An interesting piece we spotted lately in The Guardian advocates collaboration as the best way to form or grow your new business in today’s world.
No more the lone maverick, suggests the piece.
And mixing in a network can also protect you from predators and pitfalls, and keep you in the loop on new thinking.
‘There was a time’, it starts, ‘when the lone-genius business founder was revered – the Howard Hughes type who operated in secret, acting only on intuition.’
Today, according to this commentator, the answer is in working at least alongside others.
‘That time has passed’, says The Guardian, ‘and now instead of looking within ourselves to find inspiration, entrepreneurs are looking outward and coming together to support each other, collaborate, test and exchange ideas.’
Does that sound right to you?
The author of the piece, Steven Drost, Chief Strategy Officer of Edinburgh-based tech incubator CodeBase, recounts his experience of sitting on a panel at a Guardian Business Made Simple discussion in September.
Here, he says, they debated ‘whether incubators (which support startups at the early stages) or accelerators (which aim to drive the growth of companies with a business model in place) are the holy grail for startups’.
Whether official or more spontaneous, the verdict seems to be, peer groups can be invaluable – though they’ll only ever be part of the jigsaw.
‘What we all agreed on, was that being part of any programme can never be an end in itself, and should only ever be viewed as an instrument for building a successful company.’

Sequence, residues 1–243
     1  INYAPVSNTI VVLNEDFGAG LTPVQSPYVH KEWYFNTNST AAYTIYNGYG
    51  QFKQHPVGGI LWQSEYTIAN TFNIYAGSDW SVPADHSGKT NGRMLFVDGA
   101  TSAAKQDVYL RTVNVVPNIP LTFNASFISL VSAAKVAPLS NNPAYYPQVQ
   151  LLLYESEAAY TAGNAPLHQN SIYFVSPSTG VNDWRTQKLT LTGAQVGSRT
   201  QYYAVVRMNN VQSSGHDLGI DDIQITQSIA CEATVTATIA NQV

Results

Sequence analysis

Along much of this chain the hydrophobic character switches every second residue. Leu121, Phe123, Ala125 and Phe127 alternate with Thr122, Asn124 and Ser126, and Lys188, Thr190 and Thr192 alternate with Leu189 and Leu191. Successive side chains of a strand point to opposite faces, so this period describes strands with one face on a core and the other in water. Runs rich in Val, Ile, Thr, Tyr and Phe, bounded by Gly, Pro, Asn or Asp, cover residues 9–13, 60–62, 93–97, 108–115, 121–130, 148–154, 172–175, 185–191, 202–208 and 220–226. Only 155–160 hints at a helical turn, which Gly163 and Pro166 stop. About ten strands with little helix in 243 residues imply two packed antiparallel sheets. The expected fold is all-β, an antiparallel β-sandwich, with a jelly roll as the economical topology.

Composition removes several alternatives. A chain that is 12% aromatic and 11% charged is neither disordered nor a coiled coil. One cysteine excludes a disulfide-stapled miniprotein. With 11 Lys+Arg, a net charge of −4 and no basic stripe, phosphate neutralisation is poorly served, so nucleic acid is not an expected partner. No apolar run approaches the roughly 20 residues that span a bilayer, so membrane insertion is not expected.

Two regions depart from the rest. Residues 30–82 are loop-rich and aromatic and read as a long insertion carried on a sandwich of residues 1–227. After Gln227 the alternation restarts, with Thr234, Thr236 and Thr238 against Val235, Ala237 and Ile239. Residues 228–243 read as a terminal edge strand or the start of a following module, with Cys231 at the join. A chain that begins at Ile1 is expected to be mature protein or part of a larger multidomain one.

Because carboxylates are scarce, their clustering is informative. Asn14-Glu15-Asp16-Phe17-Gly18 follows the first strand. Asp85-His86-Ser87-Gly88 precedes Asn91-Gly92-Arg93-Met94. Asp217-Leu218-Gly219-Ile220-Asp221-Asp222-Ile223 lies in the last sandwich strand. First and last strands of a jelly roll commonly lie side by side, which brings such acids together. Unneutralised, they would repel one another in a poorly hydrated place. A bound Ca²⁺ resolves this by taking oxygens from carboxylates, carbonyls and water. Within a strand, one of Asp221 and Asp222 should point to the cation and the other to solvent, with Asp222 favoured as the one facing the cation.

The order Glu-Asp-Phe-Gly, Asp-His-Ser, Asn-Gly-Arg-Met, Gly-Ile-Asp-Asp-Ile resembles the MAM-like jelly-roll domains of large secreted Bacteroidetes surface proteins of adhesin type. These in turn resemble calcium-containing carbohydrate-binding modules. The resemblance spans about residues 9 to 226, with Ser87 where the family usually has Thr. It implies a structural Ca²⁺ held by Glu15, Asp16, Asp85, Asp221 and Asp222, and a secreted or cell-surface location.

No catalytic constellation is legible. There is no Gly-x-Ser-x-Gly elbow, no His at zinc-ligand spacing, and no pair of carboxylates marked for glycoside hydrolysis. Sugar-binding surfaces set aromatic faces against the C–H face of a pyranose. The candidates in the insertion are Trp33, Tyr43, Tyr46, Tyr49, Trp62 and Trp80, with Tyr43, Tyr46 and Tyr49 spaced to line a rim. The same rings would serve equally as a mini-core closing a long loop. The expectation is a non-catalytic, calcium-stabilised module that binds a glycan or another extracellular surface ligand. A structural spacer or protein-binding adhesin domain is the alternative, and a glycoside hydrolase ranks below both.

But in Steven Drost’s view, according to this piece, your very best option, as an entrepreneur in the modern world, ‘is working together with a network of your peers, or what I call “clustering”.’
He sees, he writes, ‘many benefits of joining these clusters’.
Whether part of an incubator, an accelerator, or just ‘a supportive co-working space’, those benefits are palpable.
‘You meet likeminded people who are as driven as you. You can find (friendly) rivalries, possible co-founders, partners, advisers, investors and employees much more easily than you could if you were building your company in isolation.’
And there’s more.
‘Forming a network also allows you to stay on top of the most recent business thinking and gives you people to bounce ideas off and compare notes with.’ This helps.
‘A good community of peers can help protect you from bad advisers, which is crucial if you are a fledgling startup.’
The idea is, with a network, you’ll compare notes and quickly notice if people are veering into poor practice.
You’ll also have that peer group to discuss your best routes to funding, say.
But one word of caution: do a bit of research before you plump for a peer group.
This is the note The Guardian piece ends on.
Gather people around you. Just make sure they’re the right ones for you.
‘Before trying to change the world by building a startup,’ suggests Steven Drost, ‘make sure you are informed, especially before you become part of an incubator or accelerator – do your research to join the right one for you.’
Think before you leap. Then leap!
‘You have a better chance of success if you have the right environment to work in. And that environment isn’t about ping pong and free beer – it’s about good people.’
And good luck, finding your tribe.